The assassination of Archduke Franz Ferdinand at Sarajevo on 28 June 1914 triggered off a cascade of events, the repercussions of which touched virtually every household. During the Great War, Maltese Labour Battalions served in Mudros and Salonica and a Cyprus Contingent of the King's Own Malta Regiment of Militia served outside Malta. But the prime contribution of the Maltese Islands to the war effort was a humanitarian one. Malta became the nurse of the Mediterranean.1 It received the sick and wounded from the Dardanelles (25 April 1915 – 8 January 1916) and from the campaign in Salonica (5 October 1915 – 30 September 1918).
On 29 July 1914, six days before Great Britain formally declared war on Germany, Deputy Director Medical Services (DDMS) Malta Command Colonel Michael William Russell RAMC recalled his medical officers and men of 30 Coy RAMC from leave. He also placed his four hospitals, Cottonera (278 beds), Mtarfa (55 beds), Forrest (20 beds) and Valletta Hospital in the
Precautionary Stage to war. The Valletta Hospital had been used for the sick of the Royal Malta Artillery (26 beds) and as a Military Families Hospital (10 beds). On the declaration of war, he mobilized his Field Ambulance with its three sections to their respective war stations.
A Section joined Fortress Reserve at Attard;
B Section moved to Bir id-Deheb;
C Section deployed to Iz-Zebbiegh near Mgarr. Ambulance wagons were positioned at Mtarfa (2 wagons), Mellieha Camp (1 wagon), Ghajn Tuffieha Camp (1 wagon) and Bir-id-Deheb (2 wagons).
On 6 August 1914, the Royal Malta Artillery Hospital at Valletta and the Cottonera Military Hospital were shut in compliance with the Defence Scheme for Malta. Their staff and patients were transferred to the new Mtarfa Barrack Hospital which was set up in Blocks A, B, C and D. Only a dispenser, a cook and a steward remained in Valletta to man the Military Families Hospital. Mtarfa Hospital was evacuated of all venereal cases. Those able to do duty were discharged to the ranks; the remaining 20 patients were transferred to Forrest Hospital which was expanded by the addition of tentage. On 17 August, Forrest Hospital had 69 venereal cases. Mtarfa Officers mess was reserved for the nurses of the QAIMNS under Matron Miss Jane Hoadley RRC QAIMNS.
On 8 August, two non-dieted Clearing Hospitals were opened, one at Zabbar Gate under Major Henry Lawrence Weekes Norrington RAMC and Dr R Busuttil, and another in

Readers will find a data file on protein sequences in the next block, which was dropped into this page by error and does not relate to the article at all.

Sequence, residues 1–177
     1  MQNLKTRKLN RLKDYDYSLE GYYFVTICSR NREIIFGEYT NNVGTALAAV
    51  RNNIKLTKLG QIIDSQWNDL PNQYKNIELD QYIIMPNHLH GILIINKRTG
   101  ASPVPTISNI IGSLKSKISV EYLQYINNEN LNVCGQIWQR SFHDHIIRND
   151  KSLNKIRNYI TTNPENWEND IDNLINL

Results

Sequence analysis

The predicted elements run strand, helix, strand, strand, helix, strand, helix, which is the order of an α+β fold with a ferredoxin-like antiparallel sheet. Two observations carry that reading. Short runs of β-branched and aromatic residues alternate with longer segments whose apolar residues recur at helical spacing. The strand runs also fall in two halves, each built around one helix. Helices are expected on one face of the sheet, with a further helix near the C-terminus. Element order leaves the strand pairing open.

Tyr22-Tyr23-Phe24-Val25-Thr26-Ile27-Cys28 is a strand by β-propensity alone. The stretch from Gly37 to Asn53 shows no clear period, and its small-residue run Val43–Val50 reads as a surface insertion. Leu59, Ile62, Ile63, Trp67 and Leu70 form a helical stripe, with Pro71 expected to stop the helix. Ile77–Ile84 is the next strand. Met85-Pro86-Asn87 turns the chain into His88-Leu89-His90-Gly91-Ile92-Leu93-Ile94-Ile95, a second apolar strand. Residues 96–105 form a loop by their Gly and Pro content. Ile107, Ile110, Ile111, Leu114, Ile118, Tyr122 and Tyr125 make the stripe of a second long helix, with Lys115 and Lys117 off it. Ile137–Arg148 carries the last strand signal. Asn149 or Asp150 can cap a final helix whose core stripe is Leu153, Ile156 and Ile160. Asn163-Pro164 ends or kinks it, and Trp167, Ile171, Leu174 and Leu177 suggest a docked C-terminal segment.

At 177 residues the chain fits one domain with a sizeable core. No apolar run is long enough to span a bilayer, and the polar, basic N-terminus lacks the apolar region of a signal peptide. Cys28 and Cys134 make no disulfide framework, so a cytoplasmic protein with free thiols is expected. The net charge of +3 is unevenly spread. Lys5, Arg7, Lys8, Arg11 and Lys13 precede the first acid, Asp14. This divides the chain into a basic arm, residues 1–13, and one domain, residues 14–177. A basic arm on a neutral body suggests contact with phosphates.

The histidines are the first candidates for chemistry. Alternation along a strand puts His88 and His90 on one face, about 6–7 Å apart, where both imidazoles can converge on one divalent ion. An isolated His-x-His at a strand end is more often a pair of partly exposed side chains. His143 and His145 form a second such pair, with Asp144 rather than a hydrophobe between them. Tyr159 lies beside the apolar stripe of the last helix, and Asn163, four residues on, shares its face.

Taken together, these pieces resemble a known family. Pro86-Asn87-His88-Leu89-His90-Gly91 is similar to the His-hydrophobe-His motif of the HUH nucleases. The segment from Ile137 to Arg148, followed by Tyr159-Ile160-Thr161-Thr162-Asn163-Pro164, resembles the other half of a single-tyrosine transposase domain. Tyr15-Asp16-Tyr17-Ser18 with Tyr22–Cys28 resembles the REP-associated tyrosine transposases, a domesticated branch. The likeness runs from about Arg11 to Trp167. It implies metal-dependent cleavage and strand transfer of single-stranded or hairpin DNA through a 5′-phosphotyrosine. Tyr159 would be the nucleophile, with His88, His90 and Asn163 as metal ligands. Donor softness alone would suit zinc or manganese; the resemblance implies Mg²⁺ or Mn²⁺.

A Block Floriana Barracks, under Surgeon Major Alfred Eugene Mifsud RMA. The staff for these hospitals and for the outlying forts was provided by the St John Ambulance Association (StJAA) in accordance with para 101 Malta Mobilisation Order. Forty-eight civilian doctors, 13 lady nurses and 97 trained male nurses (bearers) including 6 pharmacists, 6 compounders and 6 cooks volunteered for service through the St John Ambulance Association.
On 6 August 1914, the first of eight medical practitioners and 16 men of the StJAA were employed under the provisions of the Defence Scheme and were sent to Cottonera Hospital to be issued with their uniforms. The Maltese Civil Surgeons in military hospitals wore the ordinary officer's uniform, but with the St John's badge on their collar and black tabs on the collar lapels. They did not wear a Sam Browne belt as they were not commissioned officers. The civil surgeons spent a few days in a military hospital to familiarise themselves with military procedures. They were then attached to a Field Ambulance to learn the rudiments of field sanitation, before being posted to outlying forts or Clearing Hospitals. Among those appointed were: Lt Col (retd) Richard P Samut RAMC, Doctors R Busuttil, Paolo Grech, J Ellul, B Bonello, Hyzler, A Paris (vice Hyzler who left to attend his civilian patients), A Azzopardi (at Fort Ricasoli), L Frendo, R Balzan, S Ellul Grech, E Said, E H Ferro, G C Anastasi, E Borg, A Frendo, J Inglott, M Micallef Eynaud. Dr P Boffa with two civil subordinates deployed to Zurrieq Camp.
On 18 August 1914, the Field Ambulance returned to barracks and demobilised on 30 August. All civil surgeons and Voluntary Aid enrolled personnel were discharged on 22 August in consequence of the withdrawal of the troops from Malta. On 3rd September, the 2nd/Royal Warwickshire Regiment and the 1st/Royal Welch Fusiliers left Malta on the SS Ultonia. On 11 September, the 2nd/Scottish Rifles, the 2nd West Yorkshire and the 2nd Middlesex Regiments, as well as a number of regular RAMC officers, left Malta for France.
On 13 September 1914, the 1st/London (City of London) Field Ambulance (T) (201 all ranks), disembarked at Malta under the command of Lieutenant Colonel Richard Reginald Sleman RAMC (T).